In June of 2016, Jack, was a rambunctious, high-energy 3-year-old living in Jacksonville, Florida.
He was constantly on the move, he loved riding his bike, and he had just become a big brother, when his parents Jennifer and Dan welcomed baby Matthew to the family.
Jack was having trouble walking on his way into preschool one morning. He was getting over a cold, so Dan brought him home to rest. Jack slept through much of the day. In the evening, Jack shook his arms oddly, like they were asleep. He had not improved by the next morning, and he hadn’t gone to the bathroom all night. Jack’s pediatrician advised Dan and Jennifer to take him to the emergency room.
After conducting a series of tests, doctors at the ER suspected there was an issue with Jack’s appendix. Then Jack’s legs got weaker, he started to struggle to hold up his head, and he stopped moving his arms completely. Jennifer and Dan then went with Jack by ambulance to another hospital, where more doctors performed additional tests, including an MRI and an EEG. Early in the morning after a couple of days in the hospital, Jack stopped breathing on his own and had to be intubated. Jennifer remembers AFM moving rapidly through Jack’s body.
Doctors initially suspected transverse myelitis or Guillain-Barré syndrome. They began treatment with steroids, plasmapheresis, and intravenous immunoglobulin (IVIG). After 30 days, his doctors diagnosed Jack with AFM and recommended moving him to an intensive rehabilitation facility.
Jack and his mom took a medical flight to a facility in Baltimore, Maryland. Every day, he had 2 hours of occupational therapy, 2 hours of physical therapy, an hour of speech, and an hour of teaching. Slowly, Jack started to swallow a bit, talk a bit, and begin to kick his legs. After nearly 4 months of inpatient care, Jack was ready to come home.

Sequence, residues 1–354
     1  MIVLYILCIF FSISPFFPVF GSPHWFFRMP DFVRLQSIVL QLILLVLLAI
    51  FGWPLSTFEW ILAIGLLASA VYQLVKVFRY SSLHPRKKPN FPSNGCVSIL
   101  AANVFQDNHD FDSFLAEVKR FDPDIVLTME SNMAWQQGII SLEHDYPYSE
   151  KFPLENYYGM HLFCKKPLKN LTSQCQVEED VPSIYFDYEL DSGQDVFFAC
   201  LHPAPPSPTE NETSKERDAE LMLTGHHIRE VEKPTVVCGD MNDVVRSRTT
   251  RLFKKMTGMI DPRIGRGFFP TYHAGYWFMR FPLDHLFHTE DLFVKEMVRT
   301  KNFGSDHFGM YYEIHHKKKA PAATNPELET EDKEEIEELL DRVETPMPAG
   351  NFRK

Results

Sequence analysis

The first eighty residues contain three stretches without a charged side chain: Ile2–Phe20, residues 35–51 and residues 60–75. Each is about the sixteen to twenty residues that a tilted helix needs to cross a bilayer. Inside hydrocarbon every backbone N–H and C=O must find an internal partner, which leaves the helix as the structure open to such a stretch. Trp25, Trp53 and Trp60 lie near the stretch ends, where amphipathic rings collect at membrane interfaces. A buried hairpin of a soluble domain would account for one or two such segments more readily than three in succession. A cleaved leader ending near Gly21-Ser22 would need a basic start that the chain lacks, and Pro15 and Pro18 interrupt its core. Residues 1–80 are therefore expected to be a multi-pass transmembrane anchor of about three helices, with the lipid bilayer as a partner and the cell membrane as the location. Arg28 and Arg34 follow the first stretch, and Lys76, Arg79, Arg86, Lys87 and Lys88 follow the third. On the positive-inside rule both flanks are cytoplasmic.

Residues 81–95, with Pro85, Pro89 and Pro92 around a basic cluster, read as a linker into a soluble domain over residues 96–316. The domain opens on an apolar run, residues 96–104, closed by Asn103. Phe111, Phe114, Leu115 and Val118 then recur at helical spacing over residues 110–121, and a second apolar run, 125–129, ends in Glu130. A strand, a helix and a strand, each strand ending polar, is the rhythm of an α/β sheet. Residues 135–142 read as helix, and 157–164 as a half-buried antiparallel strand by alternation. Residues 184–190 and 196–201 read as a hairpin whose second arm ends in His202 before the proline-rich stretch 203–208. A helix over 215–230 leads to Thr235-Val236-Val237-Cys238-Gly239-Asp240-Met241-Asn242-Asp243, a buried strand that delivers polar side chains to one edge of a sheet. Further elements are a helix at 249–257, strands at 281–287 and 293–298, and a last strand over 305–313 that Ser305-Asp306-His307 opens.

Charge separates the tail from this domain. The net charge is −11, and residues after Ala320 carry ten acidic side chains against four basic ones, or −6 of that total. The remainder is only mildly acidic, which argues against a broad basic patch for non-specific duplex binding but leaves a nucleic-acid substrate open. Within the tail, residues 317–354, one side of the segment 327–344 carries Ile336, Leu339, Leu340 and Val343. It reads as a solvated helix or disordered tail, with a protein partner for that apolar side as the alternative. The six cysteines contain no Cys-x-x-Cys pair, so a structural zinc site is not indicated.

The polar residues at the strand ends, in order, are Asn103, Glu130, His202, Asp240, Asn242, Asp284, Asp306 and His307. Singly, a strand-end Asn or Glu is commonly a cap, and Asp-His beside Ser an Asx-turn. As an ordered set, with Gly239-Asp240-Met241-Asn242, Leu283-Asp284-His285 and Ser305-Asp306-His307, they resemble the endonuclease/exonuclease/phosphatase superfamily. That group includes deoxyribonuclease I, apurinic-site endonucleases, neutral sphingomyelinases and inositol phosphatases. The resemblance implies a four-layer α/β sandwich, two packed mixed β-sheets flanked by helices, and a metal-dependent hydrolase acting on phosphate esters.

Back at home, Jennifer and Dan moved Jack’s bedroom into the dining room, to allow space for his medical equipment. Jack started physical therapy, occupational therapy, and speech therapy at a local rehabilitation center. Jack made steady progress. In August of 2017, Jack had a diaphragmatic pacer placed to reduce the need for ventilator support.
Today, Jack is doing well in elementary school. He is still on a ventilator, but he continues to make progress, with the help of a medical team. He can now sit up and hold his head up by himself, and he’s starting to gain movement in his fingers and his shoulder. His parents say he talks a mile a minute and he’s an expert at controlling a TV, tablet, and video game console with his toes. “He’s going to do something spectacular in his life,” Jennifer says. “I don’t know what it is yet, and he doesn’t either. God has a plan, and we’re going to be okay.”
“Don’t be afraid to ask questions. Don’t be intimidated. You have to be your child’s advocate, and sometimes that means you have to ask doctors really hard questions. Be vigilant and know that there’s a community of other parents who are very willing to help. Don’t stop trying and don’t give up. Know that you’re not alone.”